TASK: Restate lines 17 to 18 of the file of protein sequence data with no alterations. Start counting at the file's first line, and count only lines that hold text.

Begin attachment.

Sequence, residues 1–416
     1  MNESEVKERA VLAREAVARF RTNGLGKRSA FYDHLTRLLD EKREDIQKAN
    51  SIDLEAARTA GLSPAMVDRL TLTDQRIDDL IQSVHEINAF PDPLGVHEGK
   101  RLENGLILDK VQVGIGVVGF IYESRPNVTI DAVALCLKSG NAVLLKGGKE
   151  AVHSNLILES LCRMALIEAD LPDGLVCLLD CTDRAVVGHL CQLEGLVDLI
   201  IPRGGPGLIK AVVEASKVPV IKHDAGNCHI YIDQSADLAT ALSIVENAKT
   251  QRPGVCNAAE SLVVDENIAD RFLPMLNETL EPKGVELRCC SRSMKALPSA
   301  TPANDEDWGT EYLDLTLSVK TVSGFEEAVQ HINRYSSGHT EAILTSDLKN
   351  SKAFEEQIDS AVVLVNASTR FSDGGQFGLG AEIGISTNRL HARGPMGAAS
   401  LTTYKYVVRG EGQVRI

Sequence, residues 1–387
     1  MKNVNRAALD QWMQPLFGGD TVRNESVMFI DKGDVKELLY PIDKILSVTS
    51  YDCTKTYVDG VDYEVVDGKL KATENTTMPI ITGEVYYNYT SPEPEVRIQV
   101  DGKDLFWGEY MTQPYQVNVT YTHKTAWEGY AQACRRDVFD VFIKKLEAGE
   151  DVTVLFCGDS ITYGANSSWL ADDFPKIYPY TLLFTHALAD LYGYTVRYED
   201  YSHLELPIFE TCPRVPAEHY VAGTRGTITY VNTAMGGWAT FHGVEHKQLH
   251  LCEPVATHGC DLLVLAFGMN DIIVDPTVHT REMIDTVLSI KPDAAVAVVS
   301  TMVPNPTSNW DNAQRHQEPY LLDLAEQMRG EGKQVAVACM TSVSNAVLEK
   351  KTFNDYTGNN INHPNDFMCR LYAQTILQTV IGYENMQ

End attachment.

   251  LCEPVATHGC DLLVLAFGMN DIIVDPTVHT REMIDTVLSI KPDAAVAVVS
   301  TMVPNPTSNW DNAQRHQEPY LLDLAEQMRG EGKQVAVACM TSVSNAVLEK